If you don't get prompted, install Cygwin manually and use it to install the packages.

  2. Run "Wodi64 Cygwin".

  3. Install the dependencies with:

    godi_add godi-yojson godi-xmlm godi-react godi-lwt \
      godi-extlib godi-sha godi-curl godi-lablgtk2 godi-ounit


    • lablgtk2 is optional (only needed if you want the GTK GUI).
    • ounit is optional (only needed to run the unit-tests during the build - these currently fail on Windows).
    • There is no visible progress indicator while the packages are installing, but you should see the output of ocamlfind list getting longer.
  4. Change directory to the "ocaml" subdirectory of 0install and build:

    cd ocaml
    make ocaml

This creates the executables build/ocaml/install.exe and build/ocaml/0install-runenv.exe:

$ ../build/ocaml/0install.exe --help
Usage: 0install.exe COMMAND [OPTIONS]

If you'd like to make the top-level Makefile work on Windows so you can make install, please send a patch.

To run, you may need to copy these DLLs from /opt/wodi64/bin to the build/ocaml directory:

  • libcurl-4.dll
  • libcares-2.dll
  • zlib1.dll

Note that the native OCaml code cannot currently cope with archives containing executable files (with the Unix X bit set) - you'll get the error Incorrect manifest -- archive is corrupted. When the OCaml version of 0install is run under the .NET version, the .NET version sets the environment variable %ZEROINSTALL_EXTERNAL_FETCHER% to a .NET helper process which does the unpacking correctly. Patches to add native support are welcome.


A bash completion script is available in share/bash-completion. It can be sourced from your .bashrc or added under /usr/share/bash-completion. Note that you may have to install a separate "bash-completion" package on some systems.

For zsh users, copy the script in share/zsh/site-functions/ to a directory in your $fpath (e.g. /usr/local/share/zsh/site-functions).

For fish-shell users, add the full path to share/fish/completions to $fish_complete_path.

These completion scripts are installed automatically by "make install".


To install Edit and name it 'rox-edit':

$ 0install add rox-edit

To run it (use the name you chose above):

$ rox-edit

When you run it, 0install will check how long it has been since it checked for updates and will run a check in the background if it has been too long. To check for updates manually:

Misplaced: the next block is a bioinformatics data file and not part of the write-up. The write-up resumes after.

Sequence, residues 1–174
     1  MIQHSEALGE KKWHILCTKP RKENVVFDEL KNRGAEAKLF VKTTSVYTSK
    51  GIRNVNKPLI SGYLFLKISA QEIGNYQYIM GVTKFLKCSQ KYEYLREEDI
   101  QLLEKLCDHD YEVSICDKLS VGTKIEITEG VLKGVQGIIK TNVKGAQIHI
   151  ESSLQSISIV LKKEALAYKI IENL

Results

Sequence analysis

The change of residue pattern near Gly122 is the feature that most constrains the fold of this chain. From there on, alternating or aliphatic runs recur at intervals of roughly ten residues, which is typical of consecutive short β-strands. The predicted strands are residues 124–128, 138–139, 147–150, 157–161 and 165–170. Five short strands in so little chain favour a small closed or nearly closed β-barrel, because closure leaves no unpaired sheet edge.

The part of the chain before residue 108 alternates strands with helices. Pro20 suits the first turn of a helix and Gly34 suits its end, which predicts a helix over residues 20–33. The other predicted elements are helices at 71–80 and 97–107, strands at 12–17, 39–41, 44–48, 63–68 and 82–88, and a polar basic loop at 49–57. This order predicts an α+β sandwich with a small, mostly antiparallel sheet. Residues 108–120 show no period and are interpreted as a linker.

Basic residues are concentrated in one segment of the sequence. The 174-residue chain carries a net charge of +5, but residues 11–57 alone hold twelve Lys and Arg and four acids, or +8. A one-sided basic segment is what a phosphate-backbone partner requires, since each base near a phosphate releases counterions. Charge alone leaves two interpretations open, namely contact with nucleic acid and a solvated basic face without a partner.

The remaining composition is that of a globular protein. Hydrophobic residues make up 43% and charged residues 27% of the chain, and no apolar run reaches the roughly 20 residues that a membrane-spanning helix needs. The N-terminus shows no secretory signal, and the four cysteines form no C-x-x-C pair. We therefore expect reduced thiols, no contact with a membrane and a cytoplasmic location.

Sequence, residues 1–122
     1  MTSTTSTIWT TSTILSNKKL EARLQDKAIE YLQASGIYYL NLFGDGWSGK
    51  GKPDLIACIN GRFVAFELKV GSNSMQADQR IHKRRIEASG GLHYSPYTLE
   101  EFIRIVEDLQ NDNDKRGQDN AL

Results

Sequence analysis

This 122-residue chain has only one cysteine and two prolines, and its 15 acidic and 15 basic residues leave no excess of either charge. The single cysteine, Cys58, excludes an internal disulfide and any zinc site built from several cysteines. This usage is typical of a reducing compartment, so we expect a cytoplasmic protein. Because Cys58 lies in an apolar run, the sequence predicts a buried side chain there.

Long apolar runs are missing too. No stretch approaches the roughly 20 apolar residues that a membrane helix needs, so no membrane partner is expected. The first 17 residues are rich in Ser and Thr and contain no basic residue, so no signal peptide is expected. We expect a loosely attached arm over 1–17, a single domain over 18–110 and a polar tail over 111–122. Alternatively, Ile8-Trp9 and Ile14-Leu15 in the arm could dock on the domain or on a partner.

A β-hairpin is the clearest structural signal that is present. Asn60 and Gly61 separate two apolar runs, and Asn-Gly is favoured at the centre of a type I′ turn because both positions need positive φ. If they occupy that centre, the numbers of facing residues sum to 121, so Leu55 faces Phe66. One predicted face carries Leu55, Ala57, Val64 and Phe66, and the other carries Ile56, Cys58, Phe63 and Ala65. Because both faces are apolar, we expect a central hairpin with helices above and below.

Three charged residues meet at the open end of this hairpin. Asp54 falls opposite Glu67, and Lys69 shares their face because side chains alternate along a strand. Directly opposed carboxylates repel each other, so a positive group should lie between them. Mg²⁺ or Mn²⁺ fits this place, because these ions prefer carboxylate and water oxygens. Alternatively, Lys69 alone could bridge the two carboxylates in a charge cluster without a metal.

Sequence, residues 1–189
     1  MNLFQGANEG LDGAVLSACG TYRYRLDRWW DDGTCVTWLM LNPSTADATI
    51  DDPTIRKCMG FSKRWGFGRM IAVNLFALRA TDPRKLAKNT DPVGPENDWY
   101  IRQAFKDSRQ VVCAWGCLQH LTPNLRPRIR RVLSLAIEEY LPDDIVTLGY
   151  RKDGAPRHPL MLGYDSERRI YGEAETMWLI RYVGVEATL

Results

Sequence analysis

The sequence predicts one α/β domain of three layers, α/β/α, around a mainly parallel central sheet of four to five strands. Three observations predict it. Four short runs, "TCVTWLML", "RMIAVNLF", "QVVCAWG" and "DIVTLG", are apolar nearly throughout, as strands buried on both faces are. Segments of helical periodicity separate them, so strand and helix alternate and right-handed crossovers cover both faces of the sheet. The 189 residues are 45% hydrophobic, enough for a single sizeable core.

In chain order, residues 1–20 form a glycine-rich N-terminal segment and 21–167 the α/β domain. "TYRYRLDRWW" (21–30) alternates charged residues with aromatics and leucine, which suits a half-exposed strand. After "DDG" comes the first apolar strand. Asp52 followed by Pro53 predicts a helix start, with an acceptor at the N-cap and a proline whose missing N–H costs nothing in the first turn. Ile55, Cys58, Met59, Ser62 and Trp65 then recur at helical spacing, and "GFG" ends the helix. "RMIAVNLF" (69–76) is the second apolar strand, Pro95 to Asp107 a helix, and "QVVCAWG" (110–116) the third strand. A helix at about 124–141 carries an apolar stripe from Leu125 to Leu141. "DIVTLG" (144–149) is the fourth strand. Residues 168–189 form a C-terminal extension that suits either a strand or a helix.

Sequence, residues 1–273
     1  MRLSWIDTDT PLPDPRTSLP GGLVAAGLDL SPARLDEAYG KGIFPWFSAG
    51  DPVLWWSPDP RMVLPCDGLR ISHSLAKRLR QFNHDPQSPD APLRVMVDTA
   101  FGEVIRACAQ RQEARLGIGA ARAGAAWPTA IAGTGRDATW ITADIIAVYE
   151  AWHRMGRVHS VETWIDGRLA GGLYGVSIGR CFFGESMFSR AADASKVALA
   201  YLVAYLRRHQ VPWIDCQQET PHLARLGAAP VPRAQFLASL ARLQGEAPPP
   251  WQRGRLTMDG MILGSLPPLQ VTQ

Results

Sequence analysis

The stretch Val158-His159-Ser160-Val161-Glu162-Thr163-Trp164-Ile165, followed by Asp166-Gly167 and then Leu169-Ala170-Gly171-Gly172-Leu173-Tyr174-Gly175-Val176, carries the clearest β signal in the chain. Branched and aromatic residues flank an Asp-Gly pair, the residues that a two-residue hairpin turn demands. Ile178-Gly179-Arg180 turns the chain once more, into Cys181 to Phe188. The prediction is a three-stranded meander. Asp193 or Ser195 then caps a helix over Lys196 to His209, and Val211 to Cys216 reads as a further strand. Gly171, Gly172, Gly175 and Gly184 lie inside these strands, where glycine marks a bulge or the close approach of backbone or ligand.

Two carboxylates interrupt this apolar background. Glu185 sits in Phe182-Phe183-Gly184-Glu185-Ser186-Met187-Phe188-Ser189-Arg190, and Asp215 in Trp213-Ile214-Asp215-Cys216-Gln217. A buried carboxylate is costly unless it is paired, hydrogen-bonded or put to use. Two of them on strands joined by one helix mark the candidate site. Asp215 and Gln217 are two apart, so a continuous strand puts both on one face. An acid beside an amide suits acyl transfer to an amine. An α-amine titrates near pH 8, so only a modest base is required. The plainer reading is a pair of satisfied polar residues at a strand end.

$ 0install update rox-edit 2.0.5 -> 2.0.6

This shows that ROX-Lib, a library rox-edit uses, was upgraded.

If an upgrade stops a program from working, use "0install whatchanged". This will tell you when the application was last upgraded and what changed, and tells you how to revert to the previous version:

$ 0install whatchanged rox-edit
Last checked    : Tue Sep 25 09:45:19 2012
Last update     : 2012-09-25
Previous update : 2012-08-25 2.0.5 -> 2.0.6

To run using the previous selections, use:
0install run /home/tal/.config/

To see where things have been stored:

$ 0install show rox-edit
- URI:
  Version: 2.2
  Path: /home/tal/.cache/
  - URI:
    Version: 2.0.6
    Path: /home/tal/.cache/
  - URI:
    Version: 2.7.3-4
    Path: (package:deb:python2.7:2.7.3-4:x86_64)

To view or change configuration settings:

$ 0install config

For more information, see the man-page for 0install and the web-site.


This library is free software; you can redistribute it and/or modify it under the terms of the GNU Lesser General Public License as published by the Free Software Foundation; either version 2.1 of the License, or (at your option) any later version.

This library is distributed in the hope that it will be useful, but WITHOUT ANY WARRANTY; without even the implied warranty of MERCHANTABILITY or FITNESS FOR A PARTICULAR PURPOSE. See the GNU Lesser General Public License for more details.

You should have received a copy of the GNU Lesser General Public License along with this library; if not, write to the Free Software Foundation, Inc., 59 Temple Place, Suite 330, Boston, MA 02111-1307 USA


Please report any bugs to the mailing list.